It takes less than 17 minutes to see how you would benefit, do you have the time now?

No face-to-face meeting required – just call Peter Uwins, CPA’s National Sales Manager, on 020 8846 0000 (business hours) or email today.

When you see your money come in, you will be so glad you used CPA.

The Credit Protection Association – Prompting Punctual Payments – Ethical, Effective, Efficient, Economical collections


Do you have a commercial late payer that is causing you grief? Use CPA’s no-win, no-fee, commercial debt recovery service!

If you have a particular business customer who is late paying and causing you sleepless nights, why not offer it to CPA for purchase on recourse?

CPA’s collection department will then pursue the debt. We will be liable for any costs incurred and then when we have recovered the debt, we will pay you the net principle debt recovered less our percentage.

Once you have enjoyed that success then you can consider the more cost effective membership which includes our Overdue Account Recovery service and Status/Credit reports as well as a range of other complimentary services.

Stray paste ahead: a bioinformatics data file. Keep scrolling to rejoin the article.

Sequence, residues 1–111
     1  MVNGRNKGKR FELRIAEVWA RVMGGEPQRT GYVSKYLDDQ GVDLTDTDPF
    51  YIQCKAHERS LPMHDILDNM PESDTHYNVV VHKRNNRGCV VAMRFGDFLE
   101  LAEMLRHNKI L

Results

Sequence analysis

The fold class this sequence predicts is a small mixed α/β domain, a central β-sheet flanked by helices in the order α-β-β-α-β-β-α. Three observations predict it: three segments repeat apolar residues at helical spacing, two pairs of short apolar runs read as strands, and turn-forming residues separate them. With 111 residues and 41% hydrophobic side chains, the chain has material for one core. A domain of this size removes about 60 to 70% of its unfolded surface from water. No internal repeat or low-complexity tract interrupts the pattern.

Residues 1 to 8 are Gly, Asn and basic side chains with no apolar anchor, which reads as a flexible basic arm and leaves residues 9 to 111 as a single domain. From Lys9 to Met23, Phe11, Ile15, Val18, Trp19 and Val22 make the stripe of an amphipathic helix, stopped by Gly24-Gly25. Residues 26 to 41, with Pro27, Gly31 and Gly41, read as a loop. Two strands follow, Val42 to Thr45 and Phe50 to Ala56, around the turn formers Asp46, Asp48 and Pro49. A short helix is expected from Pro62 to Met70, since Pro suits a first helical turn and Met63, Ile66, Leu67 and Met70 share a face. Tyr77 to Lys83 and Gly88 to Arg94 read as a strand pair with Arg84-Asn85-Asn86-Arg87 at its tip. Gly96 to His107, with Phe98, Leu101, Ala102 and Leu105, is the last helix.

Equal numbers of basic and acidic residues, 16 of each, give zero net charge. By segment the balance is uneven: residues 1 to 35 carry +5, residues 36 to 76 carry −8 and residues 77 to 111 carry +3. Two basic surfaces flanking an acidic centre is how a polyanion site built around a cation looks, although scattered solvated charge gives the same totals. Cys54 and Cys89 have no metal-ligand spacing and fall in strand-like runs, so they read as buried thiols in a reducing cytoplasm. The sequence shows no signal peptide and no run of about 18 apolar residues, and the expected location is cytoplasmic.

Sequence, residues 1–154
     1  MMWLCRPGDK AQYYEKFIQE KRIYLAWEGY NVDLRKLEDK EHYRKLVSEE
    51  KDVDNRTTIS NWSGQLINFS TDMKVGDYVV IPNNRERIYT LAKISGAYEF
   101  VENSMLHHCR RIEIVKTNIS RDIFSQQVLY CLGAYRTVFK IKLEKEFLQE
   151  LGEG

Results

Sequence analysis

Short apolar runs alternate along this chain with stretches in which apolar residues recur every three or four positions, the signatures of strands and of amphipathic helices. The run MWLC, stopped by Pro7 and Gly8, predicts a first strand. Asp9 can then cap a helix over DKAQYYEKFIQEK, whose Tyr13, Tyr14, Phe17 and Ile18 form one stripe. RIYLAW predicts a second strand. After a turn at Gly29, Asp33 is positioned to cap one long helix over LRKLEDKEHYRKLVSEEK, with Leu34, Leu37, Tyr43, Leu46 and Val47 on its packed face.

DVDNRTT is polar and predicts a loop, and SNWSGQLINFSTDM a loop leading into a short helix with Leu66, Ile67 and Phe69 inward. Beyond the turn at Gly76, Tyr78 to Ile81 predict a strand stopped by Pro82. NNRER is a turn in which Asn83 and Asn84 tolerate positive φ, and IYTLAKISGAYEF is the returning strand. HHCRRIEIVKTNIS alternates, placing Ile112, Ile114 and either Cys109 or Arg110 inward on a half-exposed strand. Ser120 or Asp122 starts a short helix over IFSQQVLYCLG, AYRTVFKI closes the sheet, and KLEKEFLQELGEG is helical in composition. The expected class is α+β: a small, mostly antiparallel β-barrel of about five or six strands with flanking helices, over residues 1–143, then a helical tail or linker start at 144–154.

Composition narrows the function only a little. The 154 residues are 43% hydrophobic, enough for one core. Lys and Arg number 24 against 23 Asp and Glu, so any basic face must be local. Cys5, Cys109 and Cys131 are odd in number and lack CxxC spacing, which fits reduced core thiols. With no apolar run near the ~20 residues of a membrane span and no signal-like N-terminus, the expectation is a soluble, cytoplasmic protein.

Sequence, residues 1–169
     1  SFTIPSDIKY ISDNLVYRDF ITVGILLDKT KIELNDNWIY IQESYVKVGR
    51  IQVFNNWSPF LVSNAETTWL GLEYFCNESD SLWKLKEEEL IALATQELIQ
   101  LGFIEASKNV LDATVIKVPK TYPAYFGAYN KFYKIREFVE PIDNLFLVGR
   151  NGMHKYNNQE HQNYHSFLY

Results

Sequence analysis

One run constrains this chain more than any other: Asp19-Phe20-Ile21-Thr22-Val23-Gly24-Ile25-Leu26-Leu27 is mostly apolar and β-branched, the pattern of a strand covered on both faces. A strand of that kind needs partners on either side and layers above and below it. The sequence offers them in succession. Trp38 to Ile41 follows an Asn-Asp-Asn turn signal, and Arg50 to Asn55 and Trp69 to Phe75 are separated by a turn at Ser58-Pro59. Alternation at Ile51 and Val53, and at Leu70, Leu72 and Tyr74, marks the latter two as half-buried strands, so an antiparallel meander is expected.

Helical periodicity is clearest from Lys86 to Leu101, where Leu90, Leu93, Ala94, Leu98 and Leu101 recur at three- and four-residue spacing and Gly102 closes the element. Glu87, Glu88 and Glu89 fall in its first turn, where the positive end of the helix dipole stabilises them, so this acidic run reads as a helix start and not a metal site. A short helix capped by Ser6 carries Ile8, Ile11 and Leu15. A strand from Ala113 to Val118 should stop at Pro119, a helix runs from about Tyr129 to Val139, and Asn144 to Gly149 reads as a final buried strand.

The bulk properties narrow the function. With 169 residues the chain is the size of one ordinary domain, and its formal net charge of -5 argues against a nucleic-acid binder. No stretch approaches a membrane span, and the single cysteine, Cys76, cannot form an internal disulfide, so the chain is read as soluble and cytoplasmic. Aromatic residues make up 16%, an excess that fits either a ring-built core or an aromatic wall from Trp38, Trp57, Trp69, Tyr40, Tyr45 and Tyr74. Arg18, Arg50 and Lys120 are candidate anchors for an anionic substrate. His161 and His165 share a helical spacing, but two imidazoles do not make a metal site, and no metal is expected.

Just call  020 8846 0000 and ask for Godfrey Nelson or Cris Shirley (business hours) or email today.

The Credit Protection Association – Prompting Punctual Payments – Ethical, Effective, Efficient, Economical collections.


Get compensated for previous late payments

Have you been paid late by business customers in the last six years?

Maybe you no longer work with them. Under legislation, you are entitled to  compensation you for those late payments you have suffered.

You put up with the PAIN – claim the GAIN!

Claim late payment compensation (LPC) from former business customers who paid you late in the last six years!

CPA (LPC) Recoveries is using our bespoke software and decades of experience to do just that for our clients

Check our compensation calculator to see how much your business could be owed!

Discover NOW the potential value of late payment compensation hidden in your sales ledger!

The Credit Protection Association – Prompting Punctual Payments – Ethical, Effective, Efficient, Economical collections.